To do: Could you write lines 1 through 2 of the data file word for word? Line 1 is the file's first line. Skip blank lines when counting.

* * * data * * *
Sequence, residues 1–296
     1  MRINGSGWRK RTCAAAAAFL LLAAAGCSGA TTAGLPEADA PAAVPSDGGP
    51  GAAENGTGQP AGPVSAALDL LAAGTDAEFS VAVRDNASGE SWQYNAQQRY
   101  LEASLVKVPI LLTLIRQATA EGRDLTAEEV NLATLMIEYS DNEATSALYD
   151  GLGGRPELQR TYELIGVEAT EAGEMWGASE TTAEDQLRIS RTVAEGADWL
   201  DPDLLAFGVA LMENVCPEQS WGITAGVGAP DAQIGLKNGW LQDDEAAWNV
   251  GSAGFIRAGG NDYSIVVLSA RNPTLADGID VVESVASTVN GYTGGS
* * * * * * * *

Sequence, residues 1–296
     1  MRINGSGWRK RTCAAAAAFL LLAAAGCSGA TTAGLPEADA PAAVPSDGGP